Edward Everett, 1794-1865
After winning the presidency in 1840, William Henry Harrison appointed Edward Everett as Envoy Extraordinary and Minister Plenipotentiary to the Court of St. James–diplomat-speak for ambassador to Britain. Everett, a former professor, Congressman and governor of Massachusetts, was also a legendary orator. On November 19, 1863, he would uncork the two-hour-long speech that preceded Abraham Lincoln’s remarks at the dedication of the national cemetery at Gettysburg.
Everett enjoyed some diplomatic success in Britain, but in 1845 was recalled by the new president, James K. Polk. Late in August, rushing to depart from London for home via Liverpool, he attended to one minor matter. Everett had hired the firm of Stultz and Company, tailors to no less a personage than Beau Brummell, to make some pantaloons for himself and his 15-year-old son. He had found “with great regret,” however, that they had arrived “a little too long & too full at the foot,” and that young Edward’s were “so much too long that they would seem not to have been made from his measure.” He asked that the garments be re-hemmed and sent to Liverpool on the evening train. As Everett himself was not leaving London until later that morning, he hinted that a Stultz tailor might even attend him in person as it was quite “unsafe to alter clothes without seeing them on.”
Edward Everett’s note to his tailor is part of the collections of WKU’s Special Collections Library. Click here for a finding aid. For other collections relating to politicians and diplomats, search TopScholar and KenCat.
WKU Librarian, Tammera Race, and Marketing Coordinator, Jennifer Wilson, participated in the United Way Day of Caring with other WKU faculty, staff, students and families to prepare backpacks for all the area elementary schools.
WKU Libraries recently won the Best of Show Award for its Horse in Kentucky video in the Fundraising category. Pictured is Bryan Carson, WKU Librarian, accepting the award from Jennifer Duvernay, chair of the PR-Xchange committee at the conference in New Orleans last month.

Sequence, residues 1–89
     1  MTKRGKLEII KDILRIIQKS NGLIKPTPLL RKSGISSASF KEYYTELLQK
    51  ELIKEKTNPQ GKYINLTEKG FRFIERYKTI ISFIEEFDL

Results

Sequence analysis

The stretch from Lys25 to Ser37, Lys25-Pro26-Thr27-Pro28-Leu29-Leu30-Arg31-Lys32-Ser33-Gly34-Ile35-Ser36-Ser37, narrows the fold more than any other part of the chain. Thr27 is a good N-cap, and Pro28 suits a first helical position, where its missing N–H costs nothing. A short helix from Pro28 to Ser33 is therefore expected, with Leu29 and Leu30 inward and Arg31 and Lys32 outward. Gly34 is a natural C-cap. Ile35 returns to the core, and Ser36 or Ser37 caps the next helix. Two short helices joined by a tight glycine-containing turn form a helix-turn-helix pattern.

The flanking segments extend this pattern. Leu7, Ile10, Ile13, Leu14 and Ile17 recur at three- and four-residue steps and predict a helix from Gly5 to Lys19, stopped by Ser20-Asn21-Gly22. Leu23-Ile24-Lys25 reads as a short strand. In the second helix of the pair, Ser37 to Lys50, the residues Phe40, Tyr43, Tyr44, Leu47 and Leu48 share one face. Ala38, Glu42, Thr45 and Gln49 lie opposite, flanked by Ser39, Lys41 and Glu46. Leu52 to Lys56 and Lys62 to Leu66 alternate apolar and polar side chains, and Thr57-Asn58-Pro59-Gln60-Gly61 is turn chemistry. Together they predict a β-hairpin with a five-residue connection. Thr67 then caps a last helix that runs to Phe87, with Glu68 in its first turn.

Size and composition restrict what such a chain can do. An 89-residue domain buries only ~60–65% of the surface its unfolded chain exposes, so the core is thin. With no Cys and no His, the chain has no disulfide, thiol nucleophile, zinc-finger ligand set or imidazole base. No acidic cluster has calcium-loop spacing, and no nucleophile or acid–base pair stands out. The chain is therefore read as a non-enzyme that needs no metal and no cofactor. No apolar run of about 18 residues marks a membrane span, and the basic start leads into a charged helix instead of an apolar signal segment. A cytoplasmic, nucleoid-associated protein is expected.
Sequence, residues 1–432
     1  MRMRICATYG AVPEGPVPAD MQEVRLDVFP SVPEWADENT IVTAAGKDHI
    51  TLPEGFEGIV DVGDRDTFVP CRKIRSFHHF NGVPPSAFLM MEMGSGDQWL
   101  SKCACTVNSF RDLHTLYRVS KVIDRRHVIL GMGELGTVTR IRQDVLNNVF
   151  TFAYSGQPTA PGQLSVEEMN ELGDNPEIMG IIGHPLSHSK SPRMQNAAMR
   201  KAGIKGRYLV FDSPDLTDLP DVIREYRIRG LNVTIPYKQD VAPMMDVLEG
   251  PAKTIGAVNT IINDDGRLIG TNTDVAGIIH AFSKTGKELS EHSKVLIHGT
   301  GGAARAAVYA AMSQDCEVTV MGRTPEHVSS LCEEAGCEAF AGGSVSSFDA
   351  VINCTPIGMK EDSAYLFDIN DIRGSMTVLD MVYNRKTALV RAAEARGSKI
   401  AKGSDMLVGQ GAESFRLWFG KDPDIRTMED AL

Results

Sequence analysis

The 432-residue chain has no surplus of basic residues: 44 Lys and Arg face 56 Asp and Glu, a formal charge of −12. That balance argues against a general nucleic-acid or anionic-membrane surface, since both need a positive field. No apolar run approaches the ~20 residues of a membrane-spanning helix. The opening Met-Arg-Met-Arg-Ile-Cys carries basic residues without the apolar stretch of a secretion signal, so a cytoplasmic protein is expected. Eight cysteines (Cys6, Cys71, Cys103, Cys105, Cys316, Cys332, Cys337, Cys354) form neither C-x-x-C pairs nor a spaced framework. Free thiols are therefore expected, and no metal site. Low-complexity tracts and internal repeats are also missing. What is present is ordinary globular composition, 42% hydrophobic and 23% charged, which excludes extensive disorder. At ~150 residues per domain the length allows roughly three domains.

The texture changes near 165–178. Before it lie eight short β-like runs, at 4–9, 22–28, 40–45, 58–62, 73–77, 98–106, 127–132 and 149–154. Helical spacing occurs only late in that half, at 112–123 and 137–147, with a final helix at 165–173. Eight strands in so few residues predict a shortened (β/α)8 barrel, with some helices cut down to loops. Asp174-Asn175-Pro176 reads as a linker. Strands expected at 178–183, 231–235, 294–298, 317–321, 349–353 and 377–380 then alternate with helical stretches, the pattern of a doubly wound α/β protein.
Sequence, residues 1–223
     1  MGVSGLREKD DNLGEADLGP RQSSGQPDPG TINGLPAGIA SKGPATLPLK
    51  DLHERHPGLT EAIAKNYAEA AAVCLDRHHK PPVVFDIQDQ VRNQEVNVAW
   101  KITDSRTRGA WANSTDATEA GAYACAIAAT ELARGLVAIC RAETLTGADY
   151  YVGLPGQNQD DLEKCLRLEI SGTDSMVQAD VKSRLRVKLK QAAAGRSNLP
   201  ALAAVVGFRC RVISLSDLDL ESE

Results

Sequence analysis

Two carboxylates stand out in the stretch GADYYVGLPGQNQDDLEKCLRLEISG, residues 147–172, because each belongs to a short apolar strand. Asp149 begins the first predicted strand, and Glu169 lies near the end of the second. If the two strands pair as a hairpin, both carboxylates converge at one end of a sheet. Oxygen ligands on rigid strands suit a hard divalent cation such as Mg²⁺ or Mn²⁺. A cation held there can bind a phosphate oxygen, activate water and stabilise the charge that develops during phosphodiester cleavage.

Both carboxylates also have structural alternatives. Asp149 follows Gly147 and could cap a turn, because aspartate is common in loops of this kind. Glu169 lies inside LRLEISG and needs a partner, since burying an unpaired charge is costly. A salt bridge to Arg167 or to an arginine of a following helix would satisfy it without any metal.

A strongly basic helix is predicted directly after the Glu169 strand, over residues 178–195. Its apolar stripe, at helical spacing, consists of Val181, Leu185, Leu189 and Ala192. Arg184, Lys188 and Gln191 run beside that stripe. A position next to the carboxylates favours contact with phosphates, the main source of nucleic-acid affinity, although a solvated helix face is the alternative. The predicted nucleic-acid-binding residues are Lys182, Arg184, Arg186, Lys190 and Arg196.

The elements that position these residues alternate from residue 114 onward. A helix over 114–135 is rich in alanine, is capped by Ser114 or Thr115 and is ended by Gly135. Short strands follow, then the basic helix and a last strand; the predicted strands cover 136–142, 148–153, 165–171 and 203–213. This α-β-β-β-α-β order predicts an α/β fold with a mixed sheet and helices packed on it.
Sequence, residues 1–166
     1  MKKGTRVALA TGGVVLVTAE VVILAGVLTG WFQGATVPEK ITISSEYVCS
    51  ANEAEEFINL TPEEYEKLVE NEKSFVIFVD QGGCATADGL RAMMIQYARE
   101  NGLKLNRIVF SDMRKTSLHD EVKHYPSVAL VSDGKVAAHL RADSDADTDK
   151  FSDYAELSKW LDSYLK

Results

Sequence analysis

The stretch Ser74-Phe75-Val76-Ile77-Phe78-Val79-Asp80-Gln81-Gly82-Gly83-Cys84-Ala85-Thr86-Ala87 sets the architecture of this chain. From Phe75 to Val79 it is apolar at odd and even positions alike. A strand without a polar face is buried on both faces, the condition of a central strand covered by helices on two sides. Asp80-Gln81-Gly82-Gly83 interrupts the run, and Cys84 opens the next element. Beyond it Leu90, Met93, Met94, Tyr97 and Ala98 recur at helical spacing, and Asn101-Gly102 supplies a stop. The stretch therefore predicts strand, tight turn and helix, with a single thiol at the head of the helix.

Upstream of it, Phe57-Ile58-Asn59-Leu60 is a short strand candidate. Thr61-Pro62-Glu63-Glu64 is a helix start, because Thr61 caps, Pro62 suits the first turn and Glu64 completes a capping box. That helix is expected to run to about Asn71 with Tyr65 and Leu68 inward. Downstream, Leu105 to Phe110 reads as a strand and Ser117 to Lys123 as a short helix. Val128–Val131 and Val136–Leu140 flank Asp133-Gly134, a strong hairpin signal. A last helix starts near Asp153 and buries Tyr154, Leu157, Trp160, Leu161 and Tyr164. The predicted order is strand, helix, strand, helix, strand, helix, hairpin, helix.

From left to right: Jenna Ryan, Jonathan Ramseur, Robert Gramling, Brian Coutts (in rear). Photo taken by: Alberto Herrera Jr. Click photo to link to bibliography.
Legal Consequences of Environmental Crises:
What Librarians Need to Know About the Gulf Oil Disaster
This was the topic of the Law and Political Science Library Section (LPSS) of the Association of College and Research Libraries (ACRL) annual program at the meeting of the American Library Association held in New Orleans, Louisiana on Saturday, June 25. Brian Coutts, a member of the LPSS Board served as moderator and introduced the three speakers: Robert Gramling, a professor of Sociology and Director of the Center for Socioeconomic Research at the University of Louisiana at Lafayette; Jonathan Ramseur, a Specialist in Environmental Policy at the Congressional Research Service (CRS); and Jenna Ryan, Reference Librarian for the School of Coast and Environment at Louisiana State University in Baton Rouge. Continue reading
Alphonse Duteil, human hair merchant
English-born Alphonse Duteil was a dealer in human hair work. In 1872, his store on Fourth Street in Louisville, Kentucky advertised a “large assortment of Wigs, Braids, Curls, and the latest styles of Chignons,” both on hand and made to order. Accordingly, Duteil was in the market not just for hair, usually imported from Europe, but for all the accessories necessary to make it look stylish. Writing to a New York supplier, Duteil asked to be shipped 10 pounds of hair pins, 2 dozen boxes of blond powder, and 5 pounds of watch springs (sewed into wigs for a secure fit). But women weren’t his only customers; Duteil also included an order for a foundation for a man’s wig, “same color as sample enclosed. I do not want it to have any less grey,” he wrote, probably on orders from his client, but “would prefer it with more grey hair.”